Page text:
It was a full day for me on last Thursday. No! It was not because it was the 3rd Thursday of November, the Beaujolais day. For years the 3rd thursday of November have been hectic days organizing the Beaujolais fest whilst wearing my AIR FRANCE hat and later French wine importer’s hat at Scott.

Early wake up!  I was on my feet at 6.30; against my usual 9.00 break from my pillow after listening to the news on either TV 5 news bulletin or the RFI radio news. I started my physical exercises and therapy half awakened as early as 7.30 because I had to rush to The Suffren hotel to reach before ten o’clock for the APM meeting. Surprisingly the motorway from Ebene to Port Louis was free flowing and it took me only 25 minutes to strike the Caudan Water front.

Together with the APM members we had a lively and enjoyable review of the last year activities and were very eager to prepare to the next year’s programme. The change of venue to Suffren from the usual Le Labourdonnais hotel  was very refreshing and more importantly the change to a special Andalusian Spanish buffet lunch was welcomed by all.

I came back home just in time to meet my coachees for their weekly session of an hour. We talked of G.O.D and S.C.O.R.E  NLP models and the possible applications in work and other fields.

Luckily there was enough time left for me to rest and relax in bed for half and hour before I walked in the meeting room to run the NLP practice group.

From 18.00 to 20.00, I enjoyed thoroughly the interaction with the core group discussing NLP Meta Model and practising the identification of language patterns. From the  GLAD, MAD, SAD feedback  from the participants, I could only rejoice to be told that they not only enjoyed and had fun during the session, they are taking back with them practical lessons to put in applications in their lives.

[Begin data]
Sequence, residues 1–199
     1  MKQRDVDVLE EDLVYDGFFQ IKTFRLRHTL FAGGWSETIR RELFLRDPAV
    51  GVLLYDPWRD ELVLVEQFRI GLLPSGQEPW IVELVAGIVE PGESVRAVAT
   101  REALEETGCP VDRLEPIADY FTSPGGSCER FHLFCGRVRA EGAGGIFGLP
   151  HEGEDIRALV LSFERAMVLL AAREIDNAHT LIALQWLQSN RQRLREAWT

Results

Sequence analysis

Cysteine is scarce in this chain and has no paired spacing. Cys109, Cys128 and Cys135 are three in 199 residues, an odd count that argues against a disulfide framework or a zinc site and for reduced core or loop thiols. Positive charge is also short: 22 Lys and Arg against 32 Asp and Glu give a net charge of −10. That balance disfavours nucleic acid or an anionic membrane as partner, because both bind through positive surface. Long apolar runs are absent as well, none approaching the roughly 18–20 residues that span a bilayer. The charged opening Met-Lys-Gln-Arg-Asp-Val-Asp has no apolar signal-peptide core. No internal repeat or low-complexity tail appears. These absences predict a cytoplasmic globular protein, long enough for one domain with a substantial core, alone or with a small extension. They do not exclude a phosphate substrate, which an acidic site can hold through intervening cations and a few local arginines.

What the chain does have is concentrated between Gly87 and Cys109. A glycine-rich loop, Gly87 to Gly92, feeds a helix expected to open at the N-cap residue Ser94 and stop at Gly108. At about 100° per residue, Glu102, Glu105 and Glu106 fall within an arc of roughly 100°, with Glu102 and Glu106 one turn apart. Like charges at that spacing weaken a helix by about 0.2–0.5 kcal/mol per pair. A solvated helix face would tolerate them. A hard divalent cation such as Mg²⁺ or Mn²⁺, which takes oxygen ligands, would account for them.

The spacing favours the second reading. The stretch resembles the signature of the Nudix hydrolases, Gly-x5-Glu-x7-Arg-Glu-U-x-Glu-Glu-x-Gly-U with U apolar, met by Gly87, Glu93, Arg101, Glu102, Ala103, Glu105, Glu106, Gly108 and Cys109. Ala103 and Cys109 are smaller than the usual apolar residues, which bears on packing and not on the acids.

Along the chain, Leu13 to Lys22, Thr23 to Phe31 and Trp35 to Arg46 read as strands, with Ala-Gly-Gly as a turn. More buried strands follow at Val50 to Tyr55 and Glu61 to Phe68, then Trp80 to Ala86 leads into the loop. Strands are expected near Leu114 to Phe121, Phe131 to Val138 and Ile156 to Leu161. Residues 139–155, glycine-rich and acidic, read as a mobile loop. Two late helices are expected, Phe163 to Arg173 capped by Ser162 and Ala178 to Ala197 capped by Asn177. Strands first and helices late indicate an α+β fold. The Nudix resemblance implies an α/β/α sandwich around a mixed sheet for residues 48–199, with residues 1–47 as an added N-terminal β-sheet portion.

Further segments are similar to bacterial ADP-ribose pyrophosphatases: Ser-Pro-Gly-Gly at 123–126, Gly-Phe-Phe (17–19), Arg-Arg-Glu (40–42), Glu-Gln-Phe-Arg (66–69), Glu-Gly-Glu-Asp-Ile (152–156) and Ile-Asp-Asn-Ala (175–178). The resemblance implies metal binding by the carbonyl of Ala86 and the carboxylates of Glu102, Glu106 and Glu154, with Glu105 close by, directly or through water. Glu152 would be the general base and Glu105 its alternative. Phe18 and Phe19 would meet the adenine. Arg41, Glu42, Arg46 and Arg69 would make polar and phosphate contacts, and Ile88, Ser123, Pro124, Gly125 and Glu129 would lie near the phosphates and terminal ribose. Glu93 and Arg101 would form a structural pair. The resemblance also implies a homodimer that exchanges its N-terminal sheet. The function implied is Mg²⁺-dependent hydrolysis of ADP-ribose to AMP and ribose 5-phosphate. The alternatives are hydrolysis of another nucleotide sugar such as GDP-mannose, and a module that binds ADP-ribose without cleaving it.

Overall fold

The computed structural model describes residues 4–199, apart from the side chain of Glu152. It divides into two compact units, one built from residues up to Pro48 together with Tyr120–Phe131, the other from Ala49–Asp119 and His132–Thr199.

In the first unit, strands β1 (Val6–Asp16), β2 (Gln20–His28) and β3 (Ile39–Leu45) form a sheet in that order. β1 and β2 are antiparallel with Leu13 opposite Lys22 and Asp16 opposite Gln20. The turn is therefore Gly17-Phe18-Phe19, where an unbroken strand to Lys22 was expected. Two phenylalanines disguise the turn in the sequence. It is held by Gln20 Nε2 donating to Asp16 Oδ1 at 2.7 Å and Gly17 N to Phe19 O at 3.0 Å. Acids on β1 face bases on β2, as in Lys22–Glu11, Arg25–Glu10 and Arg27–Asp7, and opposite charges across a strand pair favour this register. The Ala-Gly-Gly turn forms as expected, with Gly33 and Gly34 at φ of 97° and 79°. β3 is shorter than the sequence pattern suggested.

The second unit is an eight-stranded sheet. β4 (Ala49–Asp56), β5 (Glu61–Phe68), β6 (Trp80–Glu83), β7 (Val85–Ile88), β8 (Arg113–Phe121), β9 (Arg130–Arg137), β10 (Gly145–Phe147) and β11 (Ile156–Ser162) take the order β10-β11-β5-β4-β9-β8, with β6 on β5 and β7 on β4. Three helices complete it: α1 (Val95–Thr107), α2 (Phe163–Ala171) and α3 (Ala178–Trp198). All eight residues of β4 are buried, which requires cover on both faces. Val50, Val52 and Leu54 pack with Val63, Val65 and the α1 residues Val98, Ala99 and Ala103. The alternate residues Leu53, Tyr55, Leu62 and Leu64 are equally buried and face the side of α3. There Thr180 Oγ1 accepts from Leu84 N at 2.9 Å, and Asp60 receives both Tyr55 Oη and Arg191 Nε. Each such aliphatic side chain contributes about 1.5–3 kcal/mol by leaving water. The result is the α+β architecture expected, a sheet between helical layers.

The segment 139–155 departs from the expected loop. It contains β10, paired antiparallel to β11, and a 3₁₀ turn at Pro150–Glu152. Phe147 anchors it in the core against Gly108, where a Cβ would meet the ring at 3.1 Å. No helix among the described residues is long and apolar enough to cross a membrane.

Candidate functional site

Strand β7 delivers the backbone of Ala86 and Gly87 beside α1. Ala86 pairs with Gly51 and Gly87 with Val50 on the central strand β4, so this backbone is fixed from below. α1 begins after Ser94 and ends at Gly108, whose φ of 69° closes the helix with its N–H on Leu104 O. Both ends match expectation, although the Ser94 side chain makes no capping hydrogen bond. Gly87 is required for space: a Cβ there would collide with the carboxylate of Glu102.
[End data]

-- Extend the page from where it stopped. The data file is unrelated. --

Reflecting on this Beaujolais day before striking the pillow after a light dinner, I thought that I have to be thankful to My Lord for this fruitful beautiful full day. I am so grateful to my NLP exposure.

The Change Acceptance Cycle


The purpose of this post is to review The Change Acceptance Cycle shown in Figure 1 and to extract from it some pointers for managers caught up in organizational change.

The Change Acceptance Cycle

Let’s start in the upper left, with a common form of change, the introduction of new ways or arrangements at work. This might be a new process, a new system, a new policy, a new organization in the wake of a merger, acquisition or a just plain old reorganization.

It is rarely the case that changes are welcomed with open arms; they are almost always seen by some people as having losses attached. The losses might include a position, a title, a personal sense of comfort, a sense of competency, the disruption of personal and working relationships, a fiefdom, or even employment itself. The negative reactions people have to changes, then, aren’t to the changes but to the losses they create.

The initial reaction of many people is one of shock, disbelief, and even disorientation. Their world has been or is about to be turned upside down and they are discombobulated to use a good old-fashioned word.

From there, people try to quickly restore some semblance of rhyme, reason and order to their world, which for some, has been turned upside down. They do this in various ways; by denying the change will occur or will affect them; by dismissing it as inconsequential or irrelevant; and by simply disconnecting from what is going on around them, hunkering down and pretending it isn’t happening.

But reality sets in. Then people have strong emotional reactions. Some get angry, really angry. Some become fearful and are paralyzed by that fear. They don’t know what to do and so they do nothing. Others aren’t necessarily fearful but they do become anxious about what the future holds and this anxiety saps their energy and dominates their thoughts. They wallow in “what if?”

Another stage of emotional reaction is marked by sadness for the loss of what was; perhaps for friends co-workers who have been moved to other areas; perhaps for a loss of confidence rooted in mastery of the old ways that has been displaced by a lack of familiarity with the new ways; and perhaps for the loss of an organizational culture that was once highly valued. Sadness is not far from depression and people can and do become depressed. Often they become passive, like victims awaiting their fate.